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Friday, August 13, 2010

The Friday Challenge - 8/13/10

Henry Vogel reports on his four-day weekend at NASFIC. He was disappointed. Join the discussion...

M gives us his impressions of the very same NASFIC. He was not disappointed. Amazing how two people can be in the same place at the same time and see totally different things, innit? Join the discussion...

Kerlsey Fitzgerald proposes dusting off the operating table, cleaning the cobwebs off the electrodes, reopening the story morgue, and taking another, closer look at some of the stories that were originally written for the Friday Challenge. How about it? Do you have a story that you're trying to market, that you'd like to submit to the group for comments and critiques? Join the discussion...

Ultimate Geek Fu bids a fond farewell to the late Patricia Neal, and asks about big name stars you first discovered in a science fiction movie. Join the discussion...

ApolloKioku takes the win in the 7/30/10 Friday Challenge, "The Rabbi, the Nun, the Talking Dog, and Everything", Kersley Fitzgerald exposes the glaring weakness of the velcro plot, and the inmates discuss the view from their respective locations in the asylum. All this and more, this week in THE FRIDAY CHALLENGE.

And now for the current challenge.

"Postcards With an Edge"
Here are the entries for the 8/6/10 lesser Friday Challenge, in which we challenged you to write a story as if it were sent on four postcards. Entries are presented in approximately the order in which they were received:

Miko, "Pilgrimage to the Holy Land"

Arvid Macenion, "Postcards Home"

M & Avery, "Postcards" (drop.io, password "challenge")

Carmine Vrill, "Dear Samantha" (drop.io, password "challenge")

Watkinson, "Postcards With an Edge"

If we've missed any entries, or if anyone has snowdogged in an entry after the deadline, please let us know so we can fix this list. As always, even if you haven't posted an entry this week—even if you never enter in any week—you are invited to read, comment on, and vote for your favorites. Don't be shy about leaving feedback on the writer's sites, either. Writers thrive on knowing that somewhere out there, someone is actually reading the words that they have written. The winner will be announced Sunday evening.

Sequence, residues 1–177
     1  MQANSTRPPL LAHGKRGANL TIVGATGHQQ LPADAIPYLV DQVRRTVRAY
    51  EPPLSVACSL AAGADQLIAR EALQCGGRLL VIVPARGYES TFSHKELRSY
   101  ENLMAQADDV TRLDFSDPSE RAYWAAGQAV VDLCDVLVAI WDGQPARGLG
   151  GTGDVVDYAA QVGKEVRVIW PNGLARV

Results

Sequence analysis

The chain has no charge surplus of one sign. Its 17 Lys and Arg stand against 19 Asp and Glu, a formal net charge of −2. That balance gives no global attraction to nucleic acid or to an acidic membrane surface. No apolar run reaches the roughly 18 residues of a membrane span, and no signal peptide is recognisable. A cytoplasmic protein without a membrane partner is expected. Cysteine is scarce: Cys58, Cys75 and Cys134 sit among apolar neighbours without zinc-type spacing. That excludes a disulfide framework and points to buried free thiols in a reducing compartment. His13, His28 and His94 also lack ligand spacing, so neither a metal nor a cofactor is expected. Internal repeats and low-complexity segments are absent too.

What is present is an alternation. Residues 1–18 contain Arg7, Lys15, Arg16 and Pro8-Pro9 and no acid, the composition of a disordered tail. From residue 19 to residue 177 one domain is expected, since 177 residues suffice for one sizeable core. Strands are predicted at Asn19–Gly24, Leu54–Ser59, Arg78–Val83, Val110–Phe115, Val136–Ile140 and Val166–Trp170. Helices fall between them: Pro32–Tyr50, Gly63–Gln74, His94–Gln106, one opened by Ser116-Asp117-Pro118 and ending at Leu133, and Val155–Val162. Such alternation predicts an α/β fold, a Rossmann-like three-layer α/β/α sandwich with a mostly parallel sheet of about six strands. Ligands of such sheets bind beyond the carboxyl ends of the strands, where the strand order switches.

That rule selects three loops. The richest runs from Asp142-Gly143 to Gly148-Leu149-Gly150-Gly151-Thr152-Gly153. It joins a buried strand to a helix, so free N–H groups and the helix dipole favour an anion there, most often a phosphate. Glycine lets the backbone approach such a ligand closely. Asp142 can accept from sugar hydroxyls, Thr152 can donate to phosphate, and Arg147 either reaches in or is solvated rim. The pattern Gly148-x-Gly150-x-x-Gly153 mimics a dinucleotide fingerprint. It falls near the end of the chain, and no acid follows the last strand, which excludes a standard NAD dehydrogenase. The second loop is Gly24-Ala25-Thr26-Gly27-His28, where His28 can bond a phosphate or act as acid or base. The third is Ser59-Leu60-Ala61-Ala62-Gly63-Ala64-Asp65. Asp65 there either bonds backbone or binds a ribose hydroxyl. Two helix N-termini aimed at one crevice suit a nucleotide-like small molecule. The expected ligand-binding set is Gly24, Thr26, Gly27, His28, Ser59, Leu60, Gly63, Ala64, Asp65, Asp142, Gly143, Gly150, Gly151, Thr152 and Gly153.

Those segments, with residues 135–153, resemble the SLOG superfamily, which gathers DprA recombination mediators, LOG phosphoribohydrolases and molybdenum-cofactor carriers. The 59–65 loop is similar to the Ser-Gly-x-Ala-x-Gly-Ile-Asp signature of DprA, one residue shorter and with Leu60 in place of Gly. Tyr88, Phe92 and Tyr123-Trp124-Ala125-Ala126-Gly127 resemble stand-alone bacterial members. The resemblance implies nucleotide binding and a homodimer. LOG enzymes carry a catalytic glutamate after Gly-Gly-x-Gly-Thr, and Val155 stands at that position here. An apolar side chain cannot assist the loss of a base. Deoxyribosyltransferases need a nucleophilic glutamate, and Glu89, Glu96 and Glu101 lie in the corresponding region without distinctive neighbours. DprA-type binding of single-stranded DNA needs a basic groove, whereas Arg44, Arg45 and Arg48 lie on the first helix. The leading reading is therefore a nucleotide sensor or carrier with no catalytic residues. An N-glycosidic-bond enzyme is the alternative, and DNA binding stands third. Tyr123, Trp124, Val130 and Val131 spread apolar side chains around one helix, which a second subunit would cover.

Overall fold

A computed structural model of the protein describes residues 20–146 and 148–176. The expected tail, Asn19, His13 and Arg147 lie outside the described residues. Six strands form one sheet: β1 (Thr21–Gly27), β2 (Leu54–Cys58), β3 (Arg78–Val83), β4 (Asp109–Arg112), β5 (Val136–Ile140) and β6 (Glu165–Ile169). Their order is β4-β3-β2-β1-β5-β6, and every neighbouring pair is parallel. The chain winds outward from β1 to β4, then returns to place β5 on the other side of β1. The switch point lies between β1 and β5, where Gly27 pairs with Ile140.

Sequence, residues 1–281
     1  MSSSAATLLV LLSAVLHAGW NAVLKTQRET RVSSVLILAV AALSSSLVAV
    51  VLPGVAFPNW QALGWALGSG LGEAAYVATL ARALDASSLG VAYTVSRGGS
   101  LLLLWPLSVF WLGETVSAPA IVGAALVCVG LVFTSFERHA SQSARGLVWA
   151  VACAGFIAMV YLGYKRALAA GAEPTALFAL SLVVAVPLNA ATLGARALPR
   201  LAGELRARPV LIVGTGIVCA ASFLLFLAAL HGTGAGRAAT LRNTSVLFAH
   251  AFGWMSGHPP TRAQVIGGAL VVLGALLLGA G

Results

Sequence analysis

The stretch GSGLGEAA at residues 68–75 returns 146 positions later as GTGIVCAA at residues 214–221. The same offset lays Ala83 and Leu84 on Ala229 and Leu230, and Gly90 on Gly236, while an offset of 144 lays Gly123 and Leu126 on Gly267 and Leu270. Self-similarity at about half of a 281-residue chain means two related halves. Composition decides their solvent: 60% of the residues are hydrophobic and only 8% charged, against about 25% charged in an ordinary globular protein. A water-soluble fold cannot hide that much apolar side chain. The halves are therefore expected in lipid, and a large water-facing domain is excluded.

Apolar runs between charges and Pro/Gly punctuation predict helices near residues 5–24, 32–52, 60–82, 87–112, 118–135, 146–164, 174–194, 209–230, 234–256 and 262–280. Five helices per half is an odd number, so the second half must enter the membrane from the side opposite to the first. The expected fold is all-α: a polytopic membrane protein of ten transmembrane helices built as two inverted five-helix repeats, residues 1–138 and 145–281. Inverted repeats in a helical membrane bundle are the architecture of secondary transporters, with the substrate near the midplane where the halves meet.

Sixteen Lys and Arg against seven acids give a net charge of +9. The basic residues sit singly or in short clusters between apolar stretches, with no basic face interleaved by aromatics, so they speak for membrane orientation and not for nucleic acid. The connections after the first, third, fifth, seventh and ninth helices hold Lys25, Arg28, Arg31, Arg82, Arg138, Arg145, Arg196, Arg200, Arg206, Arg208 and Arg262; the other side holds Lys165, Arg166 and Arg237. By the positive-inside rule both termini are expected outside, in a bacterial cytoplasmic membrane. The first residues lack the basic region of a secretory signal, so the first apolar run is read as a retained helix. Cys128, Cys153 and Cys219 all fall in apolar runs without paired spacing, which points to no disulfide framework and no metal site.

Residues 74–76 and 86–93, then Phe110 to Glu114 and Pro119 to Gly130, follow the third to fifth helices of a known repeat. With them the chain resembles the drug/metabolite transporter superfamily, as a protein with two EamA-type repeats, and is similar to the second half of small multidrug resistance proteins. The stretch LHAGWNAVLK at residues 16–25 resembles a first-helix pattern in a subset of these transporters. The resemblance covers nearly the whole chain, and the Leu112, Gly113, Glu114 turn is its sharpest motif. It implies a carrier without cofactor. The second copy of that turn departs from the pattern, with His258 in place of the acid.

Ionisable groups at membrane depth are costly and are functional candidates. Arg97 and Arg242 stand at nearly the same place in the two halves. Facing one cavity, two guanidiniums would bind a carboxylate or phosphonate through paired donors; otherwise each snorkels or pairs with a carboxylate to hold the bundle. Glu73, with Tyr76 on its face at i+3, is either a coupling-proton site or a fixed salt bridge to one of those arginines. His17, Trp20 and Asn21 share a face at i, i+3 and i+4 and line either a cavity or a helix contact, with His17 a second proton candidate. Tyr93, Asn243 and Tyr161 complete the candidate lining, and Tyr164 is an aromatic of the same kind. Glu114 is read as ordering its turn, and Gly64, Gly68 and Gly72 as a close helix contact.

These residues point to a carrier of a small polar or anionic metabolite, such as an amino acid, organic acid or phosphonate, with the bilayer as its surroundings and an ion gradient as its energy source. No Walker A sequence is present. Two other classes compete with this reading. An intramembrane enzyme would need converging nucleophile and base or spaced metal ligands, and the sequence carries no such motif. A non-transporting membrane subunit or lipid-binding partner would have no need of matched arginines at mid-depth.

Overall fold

And now for this week's new challenge.

Planet of the Dogs
This week's challenge was inspired by Triton, or more specifically by Triton's entry in the 7/30/10 challenge, "The Rabbi, the Nun, the Talking Dog, and Everything."

I want to reiterate: I liked Triton's entry a lot. It has some really good things going on in it for a very short story. But it also has a distinctly 1950's vibe to it, and the more I thought about it, the more I realized that that feeling emanated from one particular point: that Xanthor might look like an alien German Shepherd walking on his hind legs, but in terms of speech, behavior, and thought processes, he was human. (And the more I think about it, perversely reminiscent of a particular character from Jim Henson's Dog City.)

So let's take two steps back and one to the side, and reconsider this. If canines were independently to evolve into an intelligent, tool-using, and ultimately space-faring species, what would they look like? How would they behave? What would their technology look like? What sort of tools would canines feel it necessary to invent?

Simply the idea of dog breeds in itself: that's the result of thousands of years of human meddling in canine genetics. So let's start all over with—oh, coyotes, not wolves. After all, here on Earth, it wasn't the gorillas that became the dominant simians, but something more akin to the chimpanzee. Let's posit that untold ages ago, on some other world, something happened to change coyotes so that they became a bipedal (okay, the legs, hips, and spine need to change), tool-using (ditto for the shoulders and rib cage), intelligent (okay, no more mail-ordering anything from Acme), species.

And now fast-forward a few millennia, and give us a few quick paragraphs describing the moment of first contact between humans and a truly alien, but canine-based, species. What would they look like, to human eyes? What kind of social structure would be evidenced in their behavior and interaction with each other? With ears that hear in a completely different slice of the audio spectrum and canine mouth parts, how would they even communicate with us? How would they communicate with each other? What would they smell like?

Wow. This has turned out to be a bigger challenge than I thought. So I guess it behooves me to put up a bigger prize than usual, and the obvious choice would be one signed copy of that rare, out-of-print, sci-fi classic, Maverick, written by yours truly. After all, it's only fair to show you how I solved the same problem.

As always, we're playing by the loosely enforced and rarely updated Official Rules of THE FRIDAY CHALLENGE, and playing for whatever is behind Door #3. The deadline for this one is midnight Central time, Thursday, August 19.

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